To ponder on the paths of development, which today are being forged in a more heterogeneous and complex social context, one which is less predictable and perhaps more demanding in the search for creative responses to new challenges, is also to ask how territories are organized and consumed, and what action should be taken in these geographic regions of everyday life.
Rural landscapes in the western world, with their fragilities and particular diffuse features are no longer experienced and regarded solely from the perspetive of their productive potential. Thus, in a different context, they may become more complex, increasing their functional diversity and sustainability.
At the same time, the growing importance of the image and identity of the rural territories and the strategic value of how they are planned and managed are exposed.
Heritage is today recognized as structural element of memory, image and territorial identity, and one of the essential resources for affirming cultural and environmental values against a renewed backdrop of new theories on territorial development, specially in the spirit of territorialist theories, those that best respond to the greatest needs of society and participative citizenry.
But the productivist policies certainly left their imprint on contemporary rural Portugal, especially in more isolated regions, more marked by physical constraints and more remote. The cycles of emigration to Brazil and Europe at the end of the 19th and in the middle of the 20th century, respectively, both provide the context for and bear witness to these facts. At first sight, the raison d’être of this tide of emigration can be found in the historical, semiperipheral position of Portugal relative to territories which have led the field in economic growth since the Industrial Revolution. There was a chronic reliance on the ‘outside’, which corresponded to this relative position. The Portuguese then entered into their demographic and epistemological transitions. But the demographic curve was not accompanied by an economic one. The Portuguese population responded to this difference with spatial mobility, to the outside world, and also to the coast, notably to the large metropolitan areas, particularly Lisbon. This city was increasingly taken as the geo-economic and political centre of Portugal. The interior became depopulated, thanks in part to policies such as the “Campanha do Trigo” (Wheat Campaign) and the “Florestação Estatal dos Baldios” (government sponsored afforestation of the mountain slopes). Another contributory fator was the failure of the procedures of the “Junta de Colonização Interna” (Internal Colonization Board), plus the impotence of the development centres established by the “Planos de Fomento” (Promotion Schemes), and the lack of any clear rural development policy. The ruralist theses of the “Estado Novo” (New State) were more often than not restricted to extolling the simple, healthy, traditional bucolic lifestyle of a submissive and poorly educated people.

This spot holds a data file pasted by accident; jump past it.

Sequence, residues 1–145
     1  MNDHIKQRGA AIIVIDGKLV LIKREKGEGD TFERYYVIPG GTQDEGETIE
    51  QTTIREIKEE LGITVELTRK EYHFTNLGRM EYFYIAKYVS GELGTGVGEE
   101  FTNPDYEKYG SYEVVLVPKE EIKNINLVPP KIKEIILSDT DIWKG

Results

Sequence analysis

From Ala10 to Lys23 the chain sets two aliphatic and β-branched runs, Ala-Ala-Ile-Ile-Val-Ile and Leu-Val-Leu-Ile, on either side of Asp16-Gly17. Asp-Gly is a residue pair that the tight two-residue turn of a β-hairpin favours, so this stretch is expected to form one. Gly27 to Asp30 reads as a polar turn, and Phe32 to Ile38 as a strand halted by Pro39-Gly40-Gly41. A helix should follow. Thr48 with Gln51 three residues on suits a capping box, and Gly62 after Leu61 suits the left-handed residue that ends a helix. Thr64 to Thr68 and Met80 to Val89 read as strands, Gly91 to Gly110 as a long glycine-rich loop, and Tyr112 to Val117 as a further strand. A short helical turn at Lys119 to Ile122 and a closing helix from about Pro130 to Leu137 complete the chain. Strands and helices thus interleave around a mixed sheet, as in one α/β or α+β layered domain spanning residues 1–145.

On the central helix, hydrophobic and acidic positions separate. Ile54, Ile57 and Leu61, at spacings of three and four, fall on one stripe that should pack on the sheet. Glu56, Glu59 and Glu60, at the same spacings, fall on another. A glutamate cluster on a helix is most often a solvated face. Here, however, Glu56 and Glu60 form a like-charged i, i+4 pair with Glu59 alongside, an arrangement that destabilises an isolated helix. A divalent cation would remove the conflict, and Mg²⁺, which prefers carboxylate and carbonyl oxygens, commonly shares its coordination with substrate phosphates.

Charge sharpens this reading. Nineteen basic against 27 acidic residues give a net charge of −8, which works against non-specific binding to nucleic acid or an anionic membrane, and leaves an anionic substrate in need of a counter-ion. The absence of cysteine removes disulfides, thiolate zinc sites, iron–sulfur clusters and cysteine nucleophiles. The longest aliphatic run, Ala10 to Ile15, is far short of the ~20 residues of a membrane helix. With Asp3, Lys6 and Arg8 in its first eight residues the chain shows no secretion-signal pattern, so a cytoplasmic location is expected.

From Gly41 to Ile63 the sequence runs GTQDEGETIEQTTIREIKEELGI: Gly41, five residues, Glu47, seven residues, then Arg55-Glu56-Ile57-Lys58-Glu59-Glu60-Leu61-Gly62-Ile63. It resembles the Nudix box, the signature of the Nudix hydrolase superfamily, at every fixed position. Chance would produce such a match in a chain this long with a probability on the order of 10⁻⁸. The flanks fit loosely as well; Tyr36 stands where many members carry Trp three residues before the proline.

Most of Portugal’s rural local authorities, in a country where distances are still relatively large, and concentrated on the coast, have seen their populations decline and grow old, thus losing any benefits in terms of the location of human resources. Lack of functionality and desertion have left deep scars on the landscape of rural Portugal. An important part of the Portuguese identity has been lost, and a swathe of its heritage has been degraded: the forests, the montes (large, isolated estates in Alentejo), the hill villages of northern and central Portugal. Furthermore, the Common Agricultural Policy (CAP) and the entry of Portugal into the European Union (1986) have also made their impression. In terms of farming, policies of short-term gain came to rule the day: “The CAP and the provision of funds led to an increase in investment, but in projects outside the context of Portugal’s circumstances and which tend to segregate small farmers, who are the majority, and suffer most harm, which has led to the depopulation and increasing imbalance in the settlement system” (FIRMINO, 1999: 87).